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Unearth hidden treasures at Brussels' flea markets and vintage stores

23:26 09/04/2018
In search of some vintage glam for your apartment or wardrobe? Look no further than Brussels’ flea markets and second-hand emporiums

Many of us inevitably turn to chain stores when it comes to fitting out a new home or updating our wardrobes, but it’s pleasing to mix it up with vintage, upcycled, secondhand and antique touches. Brussels is a treasure trove of flea markets, boutique shops and sprawling Aladdin’s caves packed to the gills with pre-loved pieces. If you love to poke around for gems that’ll put a bit of personality into your home, you’re in the right place.

You can tick just about every vintage box with a wander through the Marolles district of the capital, home to the well-trodden quirky shopping streets of Rue Blaes and Rue Haute. At the neighbourhood’s heart is Brussels’ most renowned antiques and flea market in Place du Jeu de Balle. It’s been in the area since 1873 and even featured in a 1940s Tintin comic series. It’s the only one of its kind to operate every day, from 6.00 to early afternoon. Vendors hawk everything from antiques to African carvings, clothes and jewellery, crockery, books, records and piles of bric-a-brac for keen rummagers.

Flea markets – known as brocantes or rommelmarkten – are a staple of Brussels life, all year round. Look out for local posters or check online listings for upcoming events. Auderghem is known for its regular fixtures, with its Sunday morning market rotating between the Herrmann-Debroux viaduct, the Carrefour car park and Boulevard du Souverain. Anderlecht’s Westland flea market has been running on Sunday mornings for nearly 30 years, and moves indoors from the shopping centre car park in winter. The more diminutive Place Saint-Denis flea market, in Forest, is another Sunday option.

Brussels Vintage Market sets up in the restored 19th-century Saint-Géry market halls, near the Bourse, on the first Sunday of each month, selling vintage, designer and second-hand fashion, as well as some furniture. It also organises pop-up events in various venues. In addition, they have a presence at the twice-yearly Brussels Design Market, near Gare du Nord, which focuses on 20th-century vintage design furniture and objects.

The ongoing trend for mid-century modern furniture is well catered for, with shops like Dandelion in Saint-Gilles (187 Rue de la Victoire). Atelier Belvedere (14 Rue du Belvédère) and Au Gray du Temps (230 Rue Gray), both near Flagey, also specialise. Vintage Items, near Place Brugmann (33 Rue Darwin) does a line in colourful wallart letters alongside furniture. Many objects from the 1940s-60s era can be found in the shops and markets already listed.

If you’re after more old-school antiques, head to the long-established Sablon Antiques Market – in the shadow of the Notre-Dame church – where around 100 dealers operate stalls each weekend.

Antique hunters will also have fun in the Marolles with shops like Galerie des Minimes (23 Rue des Minimes), the cavernous multivendor Passage 125 Blaes (125 Rue Blaes) and its neighbour Le Volle Blaes. Antiques and design pieces combine at Haute Antiques (207 Rue Haute) and Via Antica (40 Rue Blaes). Down the road, Stefantiek (6 Place de la Chapelle) has a more rustic slant, with nearly 1,000 square metres of antiques and brocante that’s easy to get lost in. They have a smaller shop on Rue Blaes and a vast warehouse in Mechelen which includes renovation materials like vintage radiators, doors and flooring.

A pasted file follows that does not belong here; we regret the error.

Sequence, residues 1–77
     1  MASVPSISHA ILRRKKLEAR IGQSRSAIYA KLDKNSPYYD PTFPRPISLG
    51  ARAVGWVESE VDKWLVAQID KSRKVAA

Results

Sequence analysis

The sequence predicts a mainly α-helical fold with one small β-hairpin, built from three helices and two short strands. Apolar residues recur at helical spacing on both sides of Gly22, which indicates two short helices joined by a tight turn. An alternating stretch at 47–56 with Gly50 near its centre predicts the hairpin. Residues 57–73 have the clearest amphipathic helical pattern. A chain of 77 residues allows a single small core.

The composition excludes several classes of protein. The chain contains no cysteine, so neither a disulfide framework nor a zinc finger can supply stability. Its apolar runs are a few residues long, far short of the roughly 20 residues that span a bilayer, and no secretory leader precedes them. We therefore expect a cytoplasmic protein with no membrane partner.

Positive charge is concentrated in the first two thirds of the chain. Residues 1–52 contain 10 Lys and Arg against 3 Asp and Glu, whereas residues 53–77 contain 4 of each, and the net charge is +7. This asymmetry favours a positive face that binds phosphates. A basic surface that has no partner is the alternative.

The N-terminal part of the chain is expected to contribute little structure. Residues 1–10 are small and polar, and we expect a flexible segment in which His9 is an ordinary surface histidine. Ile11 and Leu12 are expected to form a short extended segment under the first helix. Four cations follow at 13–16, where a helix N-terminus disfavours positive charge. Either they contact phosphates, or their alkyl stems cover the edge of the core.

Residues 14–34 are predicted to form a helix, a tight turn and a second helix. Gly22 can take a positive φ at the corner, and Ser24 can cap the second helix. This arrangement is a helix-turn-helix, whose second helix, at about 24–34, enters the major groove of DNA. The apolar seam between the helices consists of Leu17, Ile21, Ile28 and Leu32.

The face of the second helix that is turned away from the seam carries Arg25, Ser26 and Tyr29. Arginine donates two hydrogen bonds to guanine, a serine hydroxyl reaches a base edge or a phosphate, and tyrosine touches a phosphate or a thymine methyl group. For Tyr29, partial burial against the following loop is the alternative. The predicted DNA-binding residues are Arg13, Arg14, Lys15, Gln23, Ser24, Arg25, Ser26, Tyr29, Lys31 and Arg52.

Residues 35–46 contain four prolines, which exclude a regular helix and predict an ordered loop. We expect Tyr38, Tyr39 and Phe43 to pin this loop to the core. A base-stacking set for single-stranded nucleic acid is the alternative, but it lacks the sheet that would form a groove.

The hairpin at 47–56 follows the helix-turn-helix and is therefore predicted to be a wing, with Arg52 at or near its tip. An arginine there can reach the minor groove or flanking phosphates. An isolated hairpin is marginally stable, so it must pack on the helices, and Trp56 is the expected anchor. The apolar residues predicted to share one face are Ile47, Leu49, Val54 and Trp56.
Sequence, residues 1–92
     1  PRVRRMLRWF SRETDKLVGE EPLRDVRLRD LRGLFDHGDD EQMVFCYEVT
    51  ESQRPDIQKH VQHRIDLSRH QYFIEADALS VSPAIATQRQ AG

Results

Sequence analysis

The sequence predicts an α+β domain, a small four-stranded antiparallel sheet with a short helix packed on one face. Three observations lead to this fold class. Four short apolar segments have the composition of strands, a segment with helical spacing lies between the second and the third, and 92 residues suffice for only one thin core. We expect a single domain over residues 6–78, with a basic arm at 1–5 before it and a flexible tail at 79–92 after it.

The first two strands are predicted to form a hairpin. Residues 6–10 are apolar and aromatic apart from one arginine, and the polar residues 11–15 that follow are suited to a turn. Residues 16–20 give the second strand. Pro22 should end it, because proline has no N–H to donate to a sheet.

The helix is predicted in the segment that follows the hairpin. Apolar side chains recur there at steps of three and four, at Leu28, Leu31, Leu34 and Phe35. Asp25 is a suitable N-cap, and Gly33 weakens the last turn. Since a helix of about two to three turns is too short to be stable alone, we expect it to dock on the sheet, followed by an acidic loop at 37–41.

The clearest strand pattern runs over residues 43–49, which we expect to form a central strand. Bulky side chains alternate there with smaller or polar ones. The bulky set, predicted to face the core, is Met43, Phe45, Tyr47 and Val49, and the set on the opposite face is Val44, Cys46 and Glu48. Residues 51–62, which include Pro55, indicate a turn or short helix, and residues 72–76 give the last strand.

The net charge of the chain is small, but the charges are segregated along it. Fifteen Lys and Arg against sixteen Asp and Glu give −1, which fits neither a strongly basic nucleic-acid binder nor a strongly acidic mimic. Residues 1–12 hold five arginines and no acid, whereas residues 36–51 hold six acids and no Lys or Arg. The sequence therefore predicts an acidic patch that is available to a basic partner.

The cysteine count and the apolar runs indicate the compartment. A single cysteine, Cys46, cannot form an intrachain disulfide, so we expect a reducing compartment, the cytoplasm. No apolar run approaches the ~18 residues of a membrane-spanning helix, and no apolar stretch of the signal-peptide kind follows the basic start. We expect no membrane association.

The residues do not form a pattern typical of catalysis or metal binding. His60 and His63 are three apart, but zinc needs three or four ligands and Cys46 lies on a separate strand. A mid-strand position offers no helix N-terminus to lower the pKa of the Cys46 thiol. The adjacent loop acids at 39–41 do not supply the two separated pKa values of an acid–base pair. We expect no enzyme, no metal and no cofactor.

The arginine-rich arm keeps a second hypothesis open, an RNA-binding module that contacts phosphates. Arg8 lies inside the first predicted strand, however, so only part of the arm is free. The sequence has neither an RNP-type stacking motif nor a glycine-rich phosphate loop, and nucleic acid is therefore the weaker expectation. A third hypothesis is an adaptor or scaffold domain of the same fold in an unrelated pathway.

If you enjoy the thrill of the bid, there’s a thriving auction house scene – search auctions-in-belgium. be for a sale near you. One of the more established houses is Hotel de Ventes Horta, which sells a wide range of art, antiques and fine wines, and is found inside a classic Art Deco-style building in Schaerbeek.

For fashionistas, as well as the market scene there’s a fine selection of shops selling much-in-demand vintage wear. Foxhole, in the Marolles (6 Rue des Renards) and Saint-Géry (4 Rue des Riches Claires) has earned full hipster credentials, with its neatly displayed range of 1960s-90s clothes, shoes and accessories and retro touches.

Got your arms full of potential purchases and not sure what to pick? At Melting Pot Kilo, again in the Marolles (154 Rue Haute), throw the lot on the scales and pay by weight, at €15 per kilo. Think Twice has been doing the second-hand thing for a decade and has a couple of central Brussels branches (57 Rue du Vieux Marché aux Grains, 71 Rue des Eperonniers). For a cut above, Isabelle Bajart (25 Rue des Chartreux) does a select range of more exclusive vintage pieces, and right next door Gabriele Vintage offers ‘clothes with stories’ which are cleaned and altered to update them.

For doing good while you shop, the Brussels-based charity Les Petits Riens – which supports vulnerable people back into work and society – has shops all over. Next to its flagship Ixelles store (101 Rue Americaine) there’s Retro Paradise, which houses a selection of their best vintage and designer stuff. The international charity Oxfam also has a presence, including a specialist Oxfam Vintage clothing outlet near Place Saint Catherine (104 Rue de Flandre).

Got something to sell? The Troc chain buys and sells second-hand household items, including plenty of vintage, and has five Brussels shops. And, of course, there’s an active online market for buying and selling used and vintage goods. Facebook has several groups including Vintage Freaks (Brussels), Brussels Sell/swap/buy/want or give it away, and Brussels 2hand Online. The website 2ememain.be is also widely used.

Photos: Paula Dear. This article first appeared in The Bulletin winter 2017

Written by Paula Dear